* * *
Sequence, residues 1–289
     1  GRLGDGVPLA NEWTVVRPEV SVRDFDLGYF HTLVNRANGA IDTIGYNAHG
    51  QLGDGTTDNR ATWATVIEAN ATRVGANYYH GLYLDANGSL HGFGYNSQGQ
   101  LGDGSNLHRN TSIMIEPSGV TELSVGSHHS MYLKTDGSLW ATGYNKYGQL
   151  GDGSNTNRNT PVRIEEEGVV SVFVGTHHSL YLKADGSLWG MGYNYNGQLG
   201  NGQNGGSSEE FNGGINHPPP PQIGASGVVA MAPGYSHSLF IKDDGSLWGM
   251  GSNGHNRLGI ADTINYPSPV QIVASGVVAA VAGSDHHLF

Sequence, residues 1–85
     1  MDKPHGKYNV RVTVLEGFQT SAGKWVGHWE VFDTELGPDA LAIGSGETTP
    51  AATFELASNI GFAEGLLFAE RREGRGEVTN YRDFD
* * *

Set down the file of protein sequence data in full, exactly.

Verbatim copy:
Sequence, residues 1–289
     1  GRLGDGVPLA NEWTVVRPEV SVRDFDLGYF HTLVNRANGA IDTIGYNAHG
    51  QLGDGTTDNR ATWATVIEAN ATRVGANYYH GLYLDANGSL HGFGYNSQGQ
   101  LGDGSNLHRN TSIMIEPSGV TELSVGSHHS MYLKTDGSLW ATGYNKYGQL
   151  GDGSNTNRNT PVRIEEEGVV SVFVGTHHSL YLKADGSLWG MGYNYNGQLG
   201  NGQNGGSSEE FNGGINHPPP PQIGASGVVA MAPGYSHSLF IKDDGSLWGM
   251  GSNGHNRLGI ADTINYPSPV QIVASGVVAA VAGSDHHLF

Sequence, residues 1–85
     1  MDKPHGKYNV RVTVLEGFQT SAGKWVGHWE VFDTELGPDA LAIGSGETTP
    51  AATFELASNI GFAEGLLFAE RREGRGEVTN YRDFD